For this chapter of my Guide, I assume that:
- You subscribe to Rogers Internet service. Most or all of these instructions very likely apply to Bell, Telus and Shaw, but I have experience only with Rogers.
- You are, or very soon will be, off contract. If you aren’t, it may still be profitable to break your long-term Rogers agreement. Do the math: start with what you pay Rogers every month for Internet service, minus what you would spend at TekSavvy, multiplied by the number of months you have left in your Rogers agreement, minus the Rogers early-cancellation fee ($20 per remaining month, up to a maximum of $400). If you have money left over, it’s worth your while to switch.
- TekSavvy cable Internet service is available in your neighbourhood or multiunit dwelling. You may live in an apartment building that is under contract to one of the Big Telecom companies. If you do, then you have no alternative but to use that company for your Internet service. Or you can move.
- Call TekSavvy (877-779-1575) to confirm that they offer cable Internet service in your neighbourhood or multiunit dwelling. Don’t use the postal-code verification form on TekSavvy’s website. It’s virtually useless.
- Call Rogers to cancel your Internet service and request a disconnection date that falls on a weekday.
- Call TekSavvy again with your cable Internet service subscription order and Rogers disconnection date.
- On the day your Rogers service is to end, connect your Internet cable to your new Thomson Technicolor DCM476.
- Return your leased Rogers cable modem.
Hows and Whys
Rogers, Bell, Telus and Shaw control about 94% of all Internet business in Canada. They package digitized voice, data, audio and audio-visual programming, and distribute it across their Internet-enabled digital networks. This is known as convergence. It’s a very lucrative racket.
Once they have you locked in to one of their mealy residential Internet plans, they can very easily sell you their other overpriced services (home phone, cable TV, wireless – in some cases, home security) by bundling them together with a paltry savings incentive – usually a few percentage points off your monthly king’s ransom – to make it feel like you’ve negotiated a bargain.
Conversely, they also know that once they lose your Internet business, they’ve pretty much lost everything. So when you switch Internet service providers, prepare for a fight. Or, more appropriately, make ready to deal with the Devil. This isn’t so much a pitched battle as it is a succession of cunningly subversive temptations, poured into your ear like a honeyed potion.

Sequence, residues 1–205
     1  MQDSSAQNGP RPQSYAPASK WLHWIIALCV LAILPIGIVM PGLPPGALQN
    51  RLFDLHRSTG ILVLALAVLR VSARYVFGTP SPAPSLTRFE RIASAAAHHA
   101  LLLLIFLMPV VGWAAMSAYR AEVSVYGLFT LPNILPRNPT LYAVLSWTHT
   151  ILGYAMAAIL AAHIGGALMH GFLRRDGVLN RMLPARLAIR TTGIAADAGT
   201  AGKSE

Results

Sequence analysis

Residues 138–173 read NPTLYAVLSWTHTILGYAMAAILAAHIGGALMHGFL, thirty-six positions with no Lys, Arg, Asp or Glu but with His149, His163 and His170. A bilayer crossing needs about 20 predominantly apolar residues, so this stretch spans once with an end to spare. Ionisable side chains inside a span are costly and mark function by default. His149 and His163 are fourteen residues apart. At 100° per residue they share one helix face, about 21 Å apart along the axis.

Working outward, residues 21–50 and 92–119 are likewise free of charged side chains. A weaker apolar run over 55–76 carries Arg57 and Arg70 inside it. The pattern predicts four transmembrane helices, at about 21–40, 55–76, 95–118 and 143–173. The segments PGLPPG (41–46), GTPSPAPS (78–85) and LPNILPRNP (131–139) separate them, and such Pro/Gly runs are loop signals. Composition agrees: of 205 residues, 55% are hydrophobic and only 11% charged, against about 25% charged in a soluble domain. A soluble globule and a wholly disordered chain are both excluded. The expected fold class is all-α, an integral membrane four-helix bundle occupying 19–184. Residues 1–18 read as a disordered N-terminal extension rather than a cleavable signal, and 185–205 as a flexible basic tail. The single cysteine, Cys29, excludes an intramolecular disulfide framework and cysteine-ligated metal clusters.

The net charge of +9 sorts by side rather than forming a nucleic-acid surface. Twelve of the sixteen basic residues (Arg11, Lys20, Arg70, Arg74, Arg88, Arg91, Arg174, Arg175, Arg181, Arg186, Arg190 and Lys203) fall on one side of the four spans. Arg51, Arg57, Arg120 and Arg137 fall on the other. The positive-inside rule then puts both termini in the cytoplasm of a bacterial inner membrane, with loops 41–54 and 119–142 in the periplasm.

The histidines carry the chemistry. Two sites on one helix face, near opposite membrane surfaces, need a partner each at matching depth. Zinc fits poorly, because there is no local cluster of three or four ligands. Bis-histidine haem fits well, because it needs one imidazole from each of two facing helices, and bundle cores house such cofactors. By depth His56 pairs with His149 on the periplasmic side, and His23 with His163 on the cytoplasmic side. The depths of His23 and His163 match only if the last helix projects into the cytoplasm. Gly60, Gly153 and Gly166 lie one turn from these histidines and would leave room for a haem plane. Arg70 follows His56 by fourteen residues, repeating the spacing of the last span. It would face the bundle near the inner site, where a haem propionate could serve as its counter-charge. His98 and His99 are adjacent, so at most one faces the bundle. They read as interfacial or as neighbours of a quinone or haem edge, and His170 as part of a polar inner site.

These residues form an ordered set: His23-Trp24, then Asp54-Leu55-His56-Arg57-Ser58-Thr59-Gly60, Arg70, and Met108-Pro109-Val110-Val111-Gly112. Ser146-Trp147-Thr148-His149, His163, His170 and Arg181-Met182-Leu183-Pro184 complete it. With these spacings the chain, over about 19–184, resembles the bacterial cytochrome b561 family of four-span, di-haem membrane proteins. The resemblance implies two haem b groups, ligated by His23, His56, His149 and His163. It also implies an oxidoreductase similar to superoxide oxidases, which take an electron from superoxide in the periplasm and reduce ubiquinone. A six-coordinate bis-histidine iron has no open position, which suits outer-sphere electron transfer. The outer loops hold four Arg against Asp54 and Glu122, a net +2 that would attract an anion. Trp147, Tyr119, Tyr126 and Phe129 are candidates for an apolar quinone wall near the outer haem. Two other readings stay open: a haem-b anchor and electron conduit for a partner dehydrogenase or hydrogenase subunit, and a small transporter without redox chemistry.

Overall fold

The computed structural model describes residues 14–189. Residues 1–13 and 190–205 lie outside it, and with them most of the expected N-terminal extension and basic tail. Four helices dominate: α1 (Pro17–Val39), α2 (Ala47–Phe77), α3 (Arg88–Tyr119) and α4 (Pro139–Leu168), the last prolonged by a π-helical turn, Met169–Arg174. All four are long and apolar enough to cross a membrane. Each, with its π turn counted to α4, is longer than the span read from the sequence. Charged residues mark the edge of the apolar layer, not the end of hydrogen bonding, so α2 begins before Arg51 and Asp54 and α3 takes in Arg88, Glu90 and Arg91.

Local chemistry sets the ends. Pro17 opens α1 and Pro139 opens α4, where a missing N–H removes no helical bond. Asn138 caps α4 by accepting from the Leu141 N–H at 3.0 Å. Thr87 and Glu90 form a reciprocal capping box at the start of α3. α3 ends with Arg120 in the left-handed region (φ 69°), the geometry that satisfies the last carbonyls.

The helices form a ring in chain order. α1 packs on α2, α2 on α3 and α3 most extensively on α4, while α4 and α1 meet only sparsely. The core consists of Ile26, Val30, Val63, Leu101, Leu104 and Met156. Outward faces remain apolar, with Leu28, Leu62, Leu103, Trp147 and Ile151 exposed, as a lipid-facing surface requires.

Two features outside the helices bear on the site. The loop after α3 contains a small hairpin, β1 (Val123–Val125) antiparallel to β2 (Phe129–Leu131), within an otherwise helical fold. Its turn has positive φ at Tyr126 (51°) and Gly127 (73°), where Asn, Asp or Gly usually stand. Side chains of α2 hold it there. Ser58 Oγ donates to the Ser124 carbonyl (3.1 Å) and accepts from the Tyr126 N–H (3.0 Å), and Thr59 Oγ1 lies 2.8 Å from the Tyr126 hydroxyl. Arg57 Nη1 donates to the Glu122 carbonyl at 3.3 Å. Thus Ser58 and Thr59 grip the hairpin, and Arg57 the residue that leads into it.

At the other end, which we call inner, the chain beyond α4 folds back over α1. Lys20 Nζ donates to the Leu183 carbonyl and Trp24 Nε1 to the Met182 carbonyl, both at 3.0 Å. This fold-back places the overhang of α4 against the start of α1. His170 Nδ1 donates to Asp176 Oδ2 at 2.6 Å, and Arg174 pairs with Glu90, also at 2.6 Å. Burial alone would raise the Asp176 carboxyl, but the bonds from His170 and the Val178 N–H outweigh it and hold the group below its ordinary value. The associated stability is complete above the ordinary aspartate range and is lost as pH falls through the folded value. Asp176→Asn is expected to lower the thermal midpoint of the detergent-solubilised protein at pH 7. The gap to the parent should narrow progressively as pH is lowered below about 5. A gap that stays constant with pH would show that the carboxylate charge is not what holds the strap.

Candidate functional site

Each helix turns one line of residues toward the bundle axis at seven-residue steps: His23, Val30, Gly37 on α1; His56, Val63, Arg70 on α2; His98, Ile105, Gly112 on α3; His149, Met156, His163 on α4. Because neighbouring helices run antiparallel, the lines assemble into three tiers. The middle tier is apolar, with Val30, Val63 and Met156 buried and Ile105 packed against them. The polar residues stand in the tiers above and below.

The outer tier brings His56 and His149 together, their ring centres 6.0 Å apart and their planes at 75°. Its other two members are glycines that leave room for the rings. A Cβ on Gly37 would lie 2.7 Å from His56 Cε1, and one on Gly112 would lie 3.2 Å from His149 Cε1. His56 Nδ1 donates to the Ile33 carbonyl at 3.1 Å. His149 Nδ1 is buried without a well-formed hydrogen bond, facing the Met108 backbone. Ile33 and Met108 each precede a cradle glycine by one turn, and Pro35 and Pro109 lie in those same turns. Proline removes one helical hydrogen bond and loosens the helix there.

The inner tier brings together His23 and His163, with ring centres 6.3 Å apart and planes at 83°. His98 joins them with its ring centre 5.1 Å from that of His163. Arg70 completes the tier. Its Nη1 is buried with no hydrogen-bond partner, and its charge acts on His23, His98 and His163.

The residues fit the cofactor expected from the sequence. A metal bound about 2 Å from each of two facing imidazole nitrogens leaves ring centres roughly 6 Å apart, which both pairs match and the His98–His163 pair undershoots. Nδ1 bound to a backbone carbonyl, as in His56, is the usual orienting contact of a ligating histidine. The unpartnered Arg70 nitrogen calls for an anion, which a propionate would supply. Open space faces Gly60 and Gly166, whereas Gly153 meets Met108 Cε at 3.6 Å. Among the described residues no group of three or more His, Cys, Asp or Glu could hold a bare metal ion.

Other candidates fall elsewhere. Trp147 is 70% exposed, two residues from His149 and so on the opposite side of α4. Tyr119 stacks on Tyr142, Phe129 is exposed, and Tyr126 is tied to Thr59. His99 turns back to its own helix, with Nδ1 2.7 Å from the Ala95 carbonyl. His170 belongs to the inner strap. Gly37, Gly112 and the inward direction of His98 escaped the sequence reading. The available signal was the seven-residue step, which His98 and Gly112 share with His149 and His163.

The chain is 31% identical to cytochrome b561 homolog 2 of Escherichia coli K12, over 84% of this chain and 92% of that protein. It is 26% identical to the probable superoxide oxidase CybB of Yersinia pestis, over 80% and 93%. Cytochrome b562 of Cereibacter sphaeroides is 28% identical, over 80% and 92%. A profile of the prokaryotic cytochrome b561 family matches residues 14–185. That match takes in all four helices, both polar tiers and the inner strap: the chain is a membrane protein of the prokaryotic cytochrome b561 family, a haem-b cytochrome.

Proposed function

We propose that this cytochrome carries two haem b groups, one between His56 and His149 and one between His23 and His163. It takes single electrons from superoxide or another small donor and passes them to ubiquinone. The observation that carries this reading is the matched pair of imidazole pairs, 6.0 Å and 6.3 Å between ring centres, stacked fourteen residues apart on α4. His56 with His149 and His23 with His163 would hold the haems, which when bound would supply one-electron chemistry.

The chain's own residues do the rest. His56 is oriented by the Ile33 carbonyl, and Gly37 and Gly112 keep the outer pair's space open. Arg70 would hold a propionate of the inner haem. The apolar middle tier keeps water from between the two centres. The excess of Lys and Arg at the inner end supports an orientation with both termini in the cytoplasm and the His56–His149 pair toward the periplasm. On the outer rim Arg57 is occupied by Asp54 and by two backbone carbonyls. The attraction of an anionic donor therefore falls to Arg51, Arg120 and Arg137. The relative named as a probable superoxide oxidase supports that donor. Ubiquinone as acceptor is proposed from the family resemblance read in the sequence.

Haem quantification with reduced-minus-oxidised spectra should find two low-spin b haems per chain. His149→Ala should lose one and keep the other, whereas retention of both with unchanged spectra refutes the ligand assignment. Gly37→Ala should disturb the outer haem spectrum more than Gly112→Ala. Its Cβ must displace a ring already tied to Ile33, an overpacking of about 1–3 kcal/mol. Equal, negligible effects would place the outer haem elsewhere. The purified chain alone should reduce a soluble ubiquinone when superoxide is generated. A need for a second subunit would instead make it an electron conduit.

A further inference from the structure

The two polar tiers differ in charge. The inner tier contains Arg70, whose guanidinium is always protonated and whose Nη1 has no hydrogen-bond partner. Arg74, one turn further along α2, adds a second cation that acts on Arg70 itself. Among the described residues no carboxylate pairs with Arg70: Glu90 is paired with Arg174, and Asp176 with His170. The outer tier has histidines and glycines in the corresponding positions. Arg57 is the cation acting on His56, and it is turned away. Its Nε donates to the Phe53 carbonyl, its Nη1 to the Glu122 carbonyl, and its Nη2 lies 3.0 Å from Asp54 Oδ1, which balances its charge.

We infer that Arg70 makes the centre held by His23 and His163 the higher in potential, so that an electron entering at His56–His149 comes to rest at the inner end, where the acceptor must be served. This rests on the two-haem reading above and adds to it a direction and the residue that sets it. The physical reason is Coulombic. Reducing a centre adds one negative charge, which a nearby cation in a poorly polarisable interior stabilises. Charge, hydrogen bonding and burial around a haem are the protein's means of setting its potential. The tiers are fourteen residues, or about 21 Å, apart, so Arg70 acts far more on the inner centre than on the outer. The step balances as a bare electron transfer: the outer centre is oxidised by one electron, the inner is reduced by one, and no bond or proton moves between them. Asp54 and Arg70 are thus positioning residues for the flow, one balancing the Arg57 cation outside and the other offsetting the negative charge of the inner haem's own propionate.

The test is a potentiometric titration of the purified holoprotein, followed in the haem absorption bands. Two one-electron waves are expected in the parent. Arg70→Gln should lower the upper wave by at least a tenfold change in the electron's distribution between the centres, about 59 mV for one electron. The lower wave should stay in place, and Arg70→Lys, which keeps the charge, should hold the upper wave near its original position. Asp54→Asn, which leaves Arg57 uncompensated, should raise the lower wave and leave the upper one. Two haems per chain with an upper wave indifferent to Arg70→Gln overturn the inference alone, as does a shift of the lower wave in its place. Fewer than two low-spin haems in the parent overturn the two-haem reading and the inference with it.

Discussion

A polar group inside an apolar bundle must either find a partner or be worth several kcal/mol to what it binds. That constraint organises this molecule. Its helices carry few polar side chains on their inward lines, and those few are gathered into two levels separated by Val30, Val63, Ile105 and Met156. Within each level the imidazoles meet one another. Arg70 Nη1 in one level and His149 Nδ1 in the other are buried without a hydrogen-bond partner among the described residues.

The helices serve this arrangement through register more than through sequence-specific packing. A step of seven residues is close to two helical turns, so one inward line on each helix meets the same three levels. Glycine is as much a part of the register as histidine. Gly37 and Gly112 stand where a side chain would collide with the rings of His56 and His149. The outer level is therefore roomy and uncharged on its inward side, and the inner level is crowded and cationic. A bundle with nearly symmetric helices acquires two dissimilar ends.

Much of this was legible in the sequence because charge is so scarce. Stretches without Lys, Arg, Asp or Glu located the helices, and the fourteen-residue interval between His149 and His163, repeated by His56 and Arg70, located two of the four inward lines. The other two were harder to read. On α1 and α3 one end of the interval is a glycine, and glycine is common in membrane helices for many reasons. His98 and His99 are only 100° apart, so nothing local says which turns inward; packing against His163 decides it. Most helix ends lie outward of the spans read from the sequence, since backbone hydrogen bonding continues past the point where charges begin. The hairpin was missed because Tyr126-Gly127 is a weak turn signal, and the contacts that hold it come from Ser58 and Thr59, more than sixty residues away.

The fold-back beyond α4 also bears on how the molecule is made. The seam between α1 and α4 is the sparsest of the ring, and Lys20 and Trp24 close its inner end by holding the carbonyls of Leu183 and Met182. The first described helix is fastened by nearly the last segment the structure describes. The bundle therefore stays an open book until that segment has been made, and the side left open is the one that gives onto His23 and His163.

You must provide at least 30 days’ notice to terminate a Big Telecom service, even if you are not on contract. There is no rational explanation for why this should be.
When you call, and choose whatever auto attendant menu option your provider offers to cancel a service, you’ll be directed immediately to retentions.
For those of you who don’t know the term: retentions departments are staffed not with low-level customer-service representatives but with highly-trained individuals who are empowered to retain your business by any necessary means. These people have the authority to offer “unpublicized incentives” to keep you from defecting. Such incentives will not be exactly what your new ISP offers, but close enough to tempt you to stay. This is the essence of the Faustian bargain they wish to strike.
Resist. Any offer they make will come with a datacap.
If you remember from my previous chapter: TekSavvy publicizes but does not actually enforce datacaps, except in very specific circumstances. For 1080p content streaming, you must have Internet download speeds of at least 12 to 15 megabits per second, and no cap on the amount of data you consume. (Speed goes to quality of service; the cap means an expensive surprise at the end of every month.)
If Rogers is prepared to offer both speed and unlimited data at a price that favourably compares to TekSavvy (unlikely), then by all means stay. Otherwise, thank your retentions rep for her very kind proposal and ask for a disconnection date. Be sure to ask for a weekday disconnection. TekSavvy does not connect on weekends.
Do not cancel your cable television subscription! As a Rogers bandwidth reseller, TekSavvy will use the same cable connection to provide Internet service to your home. But that cable needs to be live or you’ll pay a $65 activation fee. Besides, you may still decide to keep some part of your cable service, after you’ve tried streaming for a few weeks. Streaming, exclusively without cable television, isn’t for everyone.
With your Rogers disconnection date in hand, call TekSavvy to order their cable Internet service. TekSavvy will note your disconnection date, process your first month’s payment, and work with Rogers to transfer your Internet service. You will not need to sign a long-term agreement with TekSavvy. You will not need to be home when the service transfer takes place.
Don’t be alarmed if Rogers throws a spike strip onto the road, at any point during this process. Stay calm. Work with TekSavvy to provide whatever spurious nonsense Rogers needs to let you go. In our case, the transfer went very smoothly and required no intervention on our part.
If all goes well, you’ll experience perhaps a half day of downtime. (Thomson DCM476 firmware does not work with Rogers Internet service, so you’re stuck until TekSavvy takes over.) If you’re at work during the transfer, then you obviously won’t notice. If you’re at home, read a book or something.
Better yet, use the time to return your Rogers cable modem. Rogers won’t close your account until it gets its equipment back. It may even continue to bill you for Internet service. Don’t say you weren’t warned.
Geoblocking! It’s fairly technical. Don’t worry: we’ll take it nice and slow.